Zimbabwe govt reverses controversial ban on Grade Seven holiday

In a surprising turn of events, the Zimbabwean government has reversed its ban on the traditional early school holiday for Grade Seven pupils who had just completed their national examinations.

HARARE – In a surprising turn of events, the Zimbabwean government has reversed its decision to cancel the traditional early school holiday for Grade Seven pupils who had just completed their national examinations.

The Grade Seven pupils concluded their examinations last week, and the initial directive from the Ministry of Primary and Secondary Education had canceled the holiday.

Instead, the ministry ordered the current Grade Sevens to continue attending school until the end of the third term in December, participating in so-called “compulsory organized learning” aimed at facilitating their transition from primary to secondary education.

School children attend a ZIMSEC class in the Shona language on the first day of term at the Vimbai Primary School in Norton, west of the capital Harare, in Zimbabwe Tuesday, Sept. 10, 2019. Former president Robert Mugabe, who enjoyed strong backing from Zimbabwe's people after taking over in 1980 but whose support waned following decades of repression, economic mismanagement and allegations of election-rigging, is expected to be buried on Sunday, state media reported. (AP Photo/Ben Curtis)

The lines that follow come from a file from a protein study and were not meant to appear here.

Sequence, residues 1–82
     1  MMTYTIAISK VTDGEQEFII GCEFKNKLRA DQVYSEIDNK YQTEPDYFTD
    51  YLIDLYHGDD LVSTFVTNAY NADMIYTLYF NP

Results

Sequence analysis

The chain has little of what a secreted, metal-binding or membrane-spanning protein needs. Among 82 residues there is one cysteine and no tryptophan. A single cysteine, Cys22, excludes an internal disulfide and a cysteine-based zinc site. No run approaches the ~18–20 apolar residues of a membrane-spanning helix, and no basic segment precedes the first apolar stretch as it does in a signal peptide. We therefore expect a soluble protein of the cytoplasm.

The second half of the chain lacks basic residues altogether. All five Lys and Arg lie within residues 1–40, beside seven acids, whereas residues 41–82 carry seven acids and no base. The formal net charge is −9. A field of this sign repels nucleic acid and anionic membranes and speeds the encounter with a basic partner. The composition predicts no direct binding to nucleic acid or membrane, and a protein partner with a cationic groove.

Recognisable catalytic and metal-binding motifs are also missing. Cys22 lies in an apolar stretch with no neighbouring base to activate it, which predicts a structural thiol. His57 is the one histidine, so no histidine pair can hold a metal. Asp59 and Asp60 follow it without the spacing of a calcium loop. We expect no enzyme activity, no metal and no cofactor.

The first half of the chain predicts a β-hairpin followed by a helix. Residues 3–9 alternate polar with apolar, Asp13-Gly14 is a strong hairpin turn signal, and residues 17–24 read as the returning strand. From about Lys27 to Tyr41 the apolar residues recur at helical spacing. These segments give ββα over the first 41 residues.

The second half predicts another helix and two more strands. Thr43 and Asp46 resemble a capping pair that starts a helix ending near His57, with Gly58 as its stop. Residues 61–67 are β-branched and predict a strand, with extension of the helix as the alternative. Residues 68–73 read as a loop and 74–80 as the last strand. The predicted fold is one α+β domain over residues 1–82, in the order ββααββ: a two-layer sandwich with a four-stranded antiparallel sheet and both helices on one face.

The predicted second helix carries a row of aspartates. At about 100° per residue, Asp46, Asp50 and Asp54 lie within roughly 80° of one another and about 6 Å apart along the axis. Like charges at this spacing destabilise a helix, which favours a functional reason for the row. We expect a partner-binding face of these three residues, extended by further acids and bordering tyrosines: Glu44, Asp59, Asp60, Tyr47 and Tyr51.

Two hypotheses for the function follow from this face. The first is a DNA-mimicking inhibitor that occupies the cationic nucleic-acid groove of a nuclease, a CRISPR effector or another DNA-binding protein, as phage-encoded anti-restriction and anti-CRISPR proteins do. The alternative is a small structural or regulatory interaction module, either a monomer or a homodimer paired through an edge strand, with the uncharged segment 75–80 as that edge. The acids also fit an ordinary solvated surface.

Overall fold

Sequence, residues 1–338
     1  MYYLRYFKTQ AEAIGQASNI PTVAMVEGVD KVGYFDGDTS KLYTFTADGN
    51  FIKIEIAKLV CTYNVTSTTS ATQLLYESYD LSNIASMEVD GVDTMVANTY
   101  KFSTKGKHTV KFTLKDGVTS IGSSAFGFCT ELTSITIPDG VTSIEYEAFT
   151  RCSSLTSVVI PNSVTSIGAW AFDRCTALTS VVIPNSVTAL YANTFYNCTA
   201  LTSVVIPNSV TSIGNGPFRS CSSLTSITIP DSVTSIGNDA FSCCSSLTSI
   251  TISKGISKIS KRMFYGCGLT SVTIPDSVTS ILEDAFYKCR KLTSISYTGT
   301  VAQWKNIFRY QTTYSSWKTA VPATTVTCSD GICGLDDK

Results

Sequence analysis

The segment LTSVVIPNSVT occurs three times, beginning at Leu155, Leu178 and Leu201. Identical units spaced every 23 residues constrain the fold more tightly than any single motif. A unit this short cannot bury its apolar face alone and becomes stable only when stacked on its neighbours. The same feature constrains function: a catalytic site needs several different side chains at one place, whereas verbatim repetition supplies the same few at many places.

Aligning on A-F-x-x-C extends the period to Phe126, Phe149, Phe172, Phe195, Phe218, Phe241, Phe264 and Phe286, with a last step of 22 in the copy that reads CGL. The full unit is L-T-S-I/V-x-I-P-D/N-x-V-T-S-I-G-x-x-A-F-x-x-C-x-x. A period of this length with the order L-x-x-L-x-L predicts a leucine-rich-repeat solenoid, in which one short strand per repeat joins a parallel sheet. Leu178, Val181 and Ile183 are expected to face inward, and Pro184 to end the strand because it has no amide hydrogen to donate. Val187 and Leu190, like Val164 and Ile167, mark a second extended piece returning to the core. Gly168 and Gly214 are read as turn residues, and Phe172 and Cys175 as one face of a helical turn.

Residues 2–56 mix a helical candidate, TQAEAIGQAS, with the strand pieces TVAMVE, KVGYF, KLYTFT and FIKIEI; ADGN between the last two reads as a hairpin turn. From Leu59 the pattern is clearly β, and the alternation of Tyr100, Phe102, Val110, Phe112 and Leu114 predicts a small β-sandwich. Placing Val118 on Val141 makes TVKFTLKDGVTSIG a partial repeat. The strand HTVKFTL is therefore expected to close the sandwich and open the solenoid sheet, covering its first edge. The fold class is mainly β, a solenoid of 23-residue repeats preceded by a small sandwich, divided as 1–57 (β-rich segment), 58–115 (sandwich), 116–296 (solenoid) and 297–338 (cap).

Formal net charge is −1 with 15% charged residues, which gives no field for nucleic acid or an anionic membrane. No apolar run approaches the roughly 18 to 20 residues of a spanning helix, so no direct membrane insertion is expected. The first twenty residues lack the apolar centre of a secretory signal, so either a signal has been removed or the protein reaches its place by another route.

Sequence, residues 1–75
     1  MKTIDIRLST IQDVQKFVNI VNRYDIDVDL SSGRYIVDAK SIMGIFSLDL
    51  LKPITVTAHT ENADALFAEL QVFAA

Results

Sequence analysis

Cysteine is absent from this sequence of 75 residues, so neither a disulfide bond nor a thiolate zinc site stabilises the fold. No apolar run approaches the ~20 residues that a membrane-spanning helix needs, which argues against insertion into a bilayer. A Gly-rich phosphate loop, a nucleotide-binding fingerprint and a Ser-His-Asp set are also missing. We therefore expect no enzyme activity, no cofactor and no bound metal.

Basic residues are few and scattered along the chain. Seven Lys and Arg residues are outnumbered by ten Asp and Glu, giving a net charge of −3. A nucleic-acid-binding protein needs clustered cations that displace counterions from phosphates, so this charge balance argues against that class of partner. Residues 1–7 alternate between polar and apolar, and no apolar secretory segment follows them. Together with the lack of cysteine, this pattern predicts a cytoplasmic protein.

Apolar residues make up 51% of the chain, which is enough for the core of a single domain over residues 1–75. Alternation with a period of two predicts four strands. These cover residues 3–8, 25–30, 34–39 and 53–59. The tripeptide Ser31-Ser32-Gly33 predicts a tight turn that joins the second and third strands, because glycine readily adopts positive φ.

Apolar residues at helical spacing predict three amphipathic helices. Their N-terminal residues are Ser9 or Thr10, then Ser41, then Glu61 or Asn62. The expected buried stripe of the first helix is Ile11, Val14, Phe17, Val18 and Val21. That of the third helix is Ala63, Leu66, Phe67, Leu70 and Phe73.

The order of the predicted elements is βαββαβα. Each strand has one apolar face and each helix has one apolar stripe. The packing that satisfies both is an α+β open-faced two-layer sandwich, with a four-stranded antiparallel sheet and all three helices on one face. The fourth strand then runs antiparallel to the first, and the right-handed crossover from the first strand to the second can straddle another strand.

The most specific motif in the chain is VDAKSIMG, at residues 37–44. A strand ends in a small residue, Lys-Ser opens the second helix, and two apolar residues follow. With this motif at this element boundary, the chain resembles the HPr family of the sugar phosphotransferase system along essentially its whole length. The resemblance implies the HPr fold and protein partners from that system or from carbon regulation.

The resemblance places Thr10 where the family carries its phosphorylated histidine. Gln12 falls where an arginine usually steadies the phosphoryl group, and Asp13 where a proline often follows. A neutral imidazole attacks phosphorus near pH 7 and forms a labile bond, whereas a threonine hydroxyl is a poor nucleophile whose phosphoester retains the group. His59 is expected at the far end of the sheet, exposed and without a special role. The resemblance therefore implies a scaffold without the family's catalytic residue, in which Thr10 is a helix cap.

FILE PHOTO: School children attend a class in the Shona language on the first day of term at the Vimbai Primary School in Norton, west of the capital Harare, in Zimbabwe Tuesday, Sept. 10, 2019. (AP Photo/Ben Curtis)

This move was intended to provide students with guidance and counseling as they prepared to enroll in secondary school.

However, the government has since made a U-turn on this order.

A circular numbered 18 was issued by the Secretary for Primary and Secondary Education, Moses Mhike, announcing the cancellation of the previous directive.

According to Mhike, Grade 7 pupils should now be allowed to close school and enjoy their well-deserved break.

Furthermore, the circular makes provision for schools that had planned and budgeted for educational school trips to proceed with their arrangements as outlined in Circular P54.

The reversal has been widely discussed among stakeholders, and it reflects the importance of flexibility in educational policies to accommodate the well-being and expectations of students, especially during significant transitional periods in their academic journey.

RosGwen24 News
RosGwen24 News
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